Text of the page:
August 16th, 2016
Reconstructive surgeries like testicular prostheses or testicular implant are extremely important in young children or adolescents who have lost their testicles due to disease or injury. Although, these implants are non-functional, but research indicates that timely surgery can helps a great deal in maintaining a normal body-image of self. Besides, such procedures also helps in decreasing the negative psychological consequences of losing testicles at an early age.
The history of development of testicular implant is fairly interesting. A number of materials have been tried and tested over the years. Most notable ones are, polyurethane, rubber, glass plastic, metal and silicone. Some commonly used types of penile implants are:
1. The Coloplast (Formally Mentor) Or Saline Filled Testicular Prosthesis:
Among three types of testicular implant available, this is the only one approved by FDA. This implant is same as that of real testicles in terms of shape, weight and softness. In addition, these implants are also available in different sizes, such as extra-small, small, medium and large. The Coloplast implants are made up of molded silicone elastomer shell that is invisible on the x-ray examination. Just before the implantation, the device is filled with sterile solution of saline via injection. The injection site is self-sealing. A silicone elastomer tab is located on the other side of device that allows suturing and setting the implant in the right position.
2. The Coloplast (Formally Mentor) Soft-Solid Testicular Prosthesis:
This type of testicular implant are available in limited countries outside of USA, as the device is not FDA-Cleared. It is filled with cured silicone elastomer, and is also available in extra-small, small, medium, large, extra-large sizes. It is similar to real testicles but not exactly the same.
3. Sientra’s (Formally Silimed) Silicone Elastomer Implant Aka Oval Carving Block
These implants are also very frequently used across the Unites States. Silicone implants are made up of thin, smooth surfaced and soft silicone elastomer which is mechanically and chemically resistant. The shape and density is designed to make it nearer to the actual testicles. It is available in five different sizes and is also highly safe to use. These implants are mainly intended to be used for cosmetic or reconstructive reasons in individuals who are born without testicles or those who have their testicles removed due to atrophy or cancer.
According to a study reported in the Translational Andrology and Urology Journal (2), investigators suggested that approximately 1,000 silicone penile implant surgeries are performed across the US.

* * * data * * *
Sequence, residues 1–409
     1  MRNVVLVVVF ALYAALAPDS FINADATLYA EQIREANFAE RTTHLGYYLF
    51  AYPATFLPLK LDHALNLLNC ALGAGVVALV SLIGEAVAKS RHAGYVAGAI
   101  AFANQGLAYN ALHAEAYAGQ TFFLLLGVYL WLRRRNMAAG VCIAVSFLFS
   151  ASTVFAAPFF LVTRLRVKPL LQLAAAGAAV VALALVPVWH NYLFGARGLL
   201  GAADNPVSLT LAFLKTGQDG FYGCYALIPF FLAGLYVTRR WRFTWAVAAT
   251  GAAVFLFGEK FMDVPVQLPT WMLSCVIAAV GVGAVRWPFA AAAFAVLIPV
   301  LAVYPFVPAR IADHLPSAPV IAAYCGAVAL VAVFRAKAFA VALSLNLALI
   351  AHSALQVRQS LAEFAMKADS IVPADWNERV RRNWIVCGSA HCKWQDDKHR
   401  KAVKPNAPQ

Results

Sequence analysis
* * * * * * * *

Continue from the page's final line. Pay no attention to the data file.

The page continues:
Testicular implantation is a surgical procedure, which requires incision and caution like all other surgeries. Likewise, the procedure is also associated with certain risks such as infection, fluid accumulation, bleeding and hematoma. But fortunately, the risk of adverse effects or complications are not very common with testicular implantation. In some cases, small amount of fluid or blood is accumulated, which is reabsorbed by the body.
Patient will feel discomfort during the first 24 to 48 hours after the surgery and will have to keep scrotum bandaged for a couple of days. There will be some swelling and tenderness in the scrotum (which is normal and resolves spontaneously), but it won’t affect urination. Usually person can resume routine activities after a week or within 10 days, however, recovery time can vary from person to person. If there is excessive inflammation or fever, then patient must consult to doctor immediately.
Various clinical studies indicates that testicular implant can help in curbing the negative effects of lost testicles on the physical and emotional health.
1. Sharma, N., Bajpai, M., & Panda, S. S. (2014). Testicular Prosthesis in Paediatric Urology: Current Concepts and Available Alternatives. Journal of Progress in Paediatric Urology, 17(1).
2. Dieckmann, K. P., Anheuser, P., Schmidt, S., Soyka-Hundt, B., Pichlmeier, U., Schriefer, P., … & Ruf, C. G. (2015). Testicular prostheses in patients with testicular cancer-acceptance rate and patient satisfaction. BMC urology, 15(1), 1.
3. Kogan, S. (2014). The clinical utility of testicular prosthesis placement in children with genital and testicular disorders. Translational andrology and urology, 3(4), 391
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